*originally shared this on FB to mourn with my community, and sharing here to connect with my brothers and sisters outside of my social spaces*


In 2015, I left Kismayo to move to Mogadishu for good. As the car descended upon Airport Road to make a turn on the roundabout, heading to KM5, I remember the liveliness of Zoobe, its hues visible as hell. So much traffic. I mean Mogadishu is a lively city, but Zoobe was popping.

There was so many interesting storefront businesses; their names painted in the most lucid colours. bustling streets, cheeky merchants, and the people, so many people. My god there were so many people. I remember the traffic so well. I settled in a house there, with roommates, who are now family.

Friends remember my anxiety every time we drove down KM5 to work; “Take the smaller roads, get of the hell out of this junction, I don't wanna die here,” I would scream, as I kept my head down, and hid in the back seat. I’m ashamed of this sight, but my friends know and remember how much of a coward I was. I’m an admitted coward, but it wasn’t just that.

I thought of nothing but the sheer number of pedestrians and cars. “My god, if they ever hit us here, it will be a catastrophe” I screamed at passenger friends. Traffic of that magnitude made me nervous, made all of us who visit that area, work there, live, eat, play, laugh, business, and pray; nervous. That horrible day came.

Zoobe, where I met the love of my life. Where I danced, cried, built dream empires with, discoursed all of Somalia’s problem away, and laughed with friends, who’ve turned into family. It’s where so many worlds meet. Popularly known as hub where all the hip spots dwell.

Where the youth talk shop, shukansi, and debate. Where we shop, and where we feed. It is truly a magnifying neighbourhood-one I’m so honoured to call home now, as many of us do, and did, and will. It is one of the vessels of the electrifying city, Mogadishu, that doubles up as broken heart of this nation.

I’ve never cried this much in the entirety of my life. And close ones know what a life i've lead.. Not when I lost the man who made me, three months ago. Not in the many other explosions before it. Not during the many trials and tribulations of our daily lives. This one broke me. Mostly because I wasn’t there. This one broke all of us. Over 300 lives. What a way to close off a Saturday. Only in Somalia. I can't even say the number. How do begin to pick that apart? Make sense of it.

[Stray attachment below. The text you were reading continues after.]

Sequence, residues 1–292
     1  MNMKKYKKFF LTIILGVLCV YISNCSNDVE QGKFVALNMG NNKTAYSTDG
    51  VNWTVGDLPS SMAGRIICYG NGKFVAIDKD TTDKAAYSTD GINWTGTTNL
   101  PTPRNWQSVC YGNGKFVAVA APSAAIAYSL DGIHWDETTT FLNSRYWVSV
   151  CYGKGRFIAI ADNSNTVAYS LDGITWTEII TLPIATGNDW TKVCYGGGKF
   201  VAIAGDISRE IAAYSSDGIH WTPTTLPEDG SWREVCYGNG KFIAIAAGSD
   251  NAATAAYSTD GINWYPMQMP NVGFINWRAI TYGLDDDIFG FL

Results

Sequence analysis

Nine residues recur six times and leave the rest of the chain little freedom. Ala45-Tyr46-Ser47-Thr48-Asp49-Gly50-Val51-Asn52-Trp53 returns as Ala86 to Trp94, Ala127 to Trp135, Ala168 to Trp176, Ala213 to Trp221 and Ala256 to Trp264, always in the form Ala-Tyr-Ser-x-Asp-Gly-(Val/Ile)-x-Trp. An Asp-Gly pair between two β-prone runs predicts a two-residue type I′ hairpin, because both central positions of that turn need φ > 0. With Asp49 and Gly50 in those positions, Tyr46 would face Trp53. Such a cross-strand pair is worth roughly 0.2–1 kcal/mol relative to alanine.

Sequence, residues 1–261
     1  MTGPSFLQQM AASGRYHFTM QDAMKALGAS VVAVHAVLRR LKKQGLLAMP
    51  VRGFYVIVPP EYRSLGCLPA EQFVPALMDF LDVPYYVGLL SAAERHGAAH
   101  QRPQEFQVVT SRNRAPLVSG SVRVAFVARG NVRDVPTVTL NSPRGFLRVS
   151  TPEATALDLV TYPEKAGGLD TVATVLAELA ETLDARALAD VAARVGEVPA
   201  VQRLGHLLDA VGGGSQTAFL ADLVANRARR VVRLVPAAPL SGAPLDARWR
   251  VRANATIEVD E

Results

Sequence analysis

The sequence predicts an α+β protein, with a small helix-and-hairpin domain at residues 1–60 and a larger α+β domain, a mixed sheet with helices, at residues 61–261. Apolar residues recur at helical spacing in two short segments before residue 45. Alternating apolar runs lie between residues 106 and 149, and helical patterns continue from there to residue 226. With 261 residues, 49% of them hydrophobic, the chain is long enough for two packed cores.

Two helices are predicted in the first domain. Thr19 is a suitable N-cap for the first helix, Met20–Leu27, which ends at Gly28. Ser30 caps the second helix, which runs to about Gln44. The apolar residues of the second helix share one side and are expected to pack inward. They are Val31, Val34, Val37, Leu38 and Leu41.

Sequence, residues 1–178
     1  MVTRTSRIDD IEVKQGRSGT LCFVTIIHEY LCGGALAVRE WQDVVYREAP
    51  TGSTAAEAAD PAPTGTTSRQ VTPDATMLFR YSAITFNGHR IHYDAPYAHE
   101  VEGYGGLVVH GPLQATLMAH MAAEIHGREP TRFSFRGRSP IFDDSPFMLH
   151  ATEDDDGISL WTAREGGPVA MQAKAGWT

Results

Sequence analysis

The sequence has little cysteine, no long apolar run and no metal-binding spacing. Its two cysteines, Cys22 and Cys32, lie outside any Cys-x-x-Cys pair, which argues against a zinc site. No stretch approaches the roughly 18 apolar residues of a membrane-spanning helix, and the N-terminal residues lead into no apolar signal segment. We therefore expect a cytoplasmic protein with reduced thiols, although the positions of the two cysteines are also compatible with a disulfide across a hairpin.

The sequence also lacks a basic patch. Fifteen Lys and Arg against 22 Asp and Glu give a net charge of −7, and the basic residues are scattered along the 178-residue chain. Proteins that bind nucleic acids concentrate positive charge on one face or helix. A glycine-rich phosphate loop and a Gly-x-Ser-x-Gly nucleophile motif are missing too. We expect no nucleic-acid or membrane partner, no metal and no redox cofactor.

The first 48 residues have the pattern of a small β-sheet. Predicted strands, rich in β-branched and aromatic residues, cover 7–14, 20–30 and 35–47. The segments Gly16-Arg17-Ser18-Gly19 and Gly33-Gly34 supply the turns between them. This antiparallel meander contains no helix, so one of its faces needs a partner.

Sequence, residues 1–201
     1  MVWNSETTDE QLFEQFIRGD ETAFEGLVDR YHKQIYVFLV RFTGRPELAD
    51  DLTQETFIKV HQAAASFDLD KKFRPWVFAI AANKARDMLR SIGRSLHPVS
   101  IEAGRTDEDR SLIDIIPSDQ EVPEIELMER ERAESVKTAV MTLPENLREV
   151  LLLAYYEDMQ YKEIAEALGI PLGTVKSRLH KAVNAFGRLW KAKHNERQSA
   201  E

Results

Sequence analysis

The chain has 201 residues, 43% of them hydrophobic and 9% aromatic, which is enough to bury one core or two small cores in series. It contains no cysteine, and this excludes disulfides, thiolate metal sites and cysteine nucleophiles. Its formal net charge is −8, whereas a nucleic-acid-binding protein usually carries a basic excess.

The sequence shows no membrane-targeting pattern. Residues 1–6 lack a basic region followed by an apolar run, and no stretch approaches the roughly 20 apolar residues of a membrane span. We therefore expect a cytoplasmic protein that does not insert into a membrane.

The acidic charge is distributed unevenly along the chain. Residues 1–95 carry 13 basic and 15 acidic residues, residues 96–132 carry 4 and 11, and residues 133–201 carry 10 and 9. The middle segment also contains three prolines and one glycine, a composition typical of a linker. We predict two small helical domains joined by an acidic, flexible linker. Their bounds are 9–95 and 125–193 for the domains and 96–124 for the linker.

I’ve never felt so close to my community as I do now. Like many of you, I’m angry and I want answers and heads on the chopping block.

But before this, I want us to remember how beautiful we are in this moment. Each one of us, holding back the urge to call everyone out. The urge to not ‘politicize’ the most political hit against the very heart of our world. 300 + humans lost, and folks told us to shut up, and not ‘politicize,’ and we listened. 300+, numbers still not in. The number of lost loved ones, still unclear.  In a few days, I’ll write about how politics cannot be divorced from anything in Somalia, ever, ever, anything. But not today.

Everyone is silencing their reactionary impulses, their knowledge of the root causes, their personal politics, their intel, their allegiances, and their need to grab the demons responsible for this, and thrown them in an bottomless hole with their political and social enablers. But we’re all holding back, and trying to find the love and light in this.

In the coming days, we will emerge from the mourning, some friends/families will be left to sit alone, and continue their sorrow in private company, as a few days can’t begin to prepare one for a life without a loved one. I’ve learned this.

Those of us, without immediate sorrow, free from immediate grief in our homes. It’s time we start asking the difficult questions in the coming days. Every single one of us has a role in this.

From the sympathizers we house, to the corrupt and inept politicians we befriend and laugh with, but shake our heads at the idea of them in the work of governance. To the men and women getting sun tans in Halane. To the constant critics, and the mashruuc-raadis optimists. To the complacent ones, myself included, who believe the work of rebuilding a failed state lies in rhetoric and constant critique. All of us need to take a good look at yesterday’s travesty. 300 plus lives taken. What role do we play? And if we give a damn about fixing it, what's the extent of our commitment?

The world has had enough of us; the leader of their 'free world' even banned us. This can’t continue. No one wants refugees anymore.

The days of taking our political offices for granted cannot continue, the mourning cannot continue. The sociopaths who did this, sitting at the gates of Mogadishu, hiding in Lower Shabelle, in Jubba,and in Galgala Mountains; need to be plucked out like the cancerous tumor they are, and along with the keepers of their ideology, their intolerance, their enablers in our government suits, and their moral supporters-in-absentia. But to do this first, requires an understanding of this disease. 

Until then, let’s try to love on one another. We’re so cynical, eyes-rolling, i can hear the ‘caadi ask dhiig’ already, and it’s understandable.

Whose ever taught us that our lives matter, our deaths a tragedy and undeserved. No one. Let’s begin the road to recovery with empathy and love. So that’s why I wrote this. To tell every single Somali out there, I love you, you matter, you inspire me, and I’m sorry if I’ve never told you this before. It's not easy being us, but I wouldn't want it any other way. I love you guys.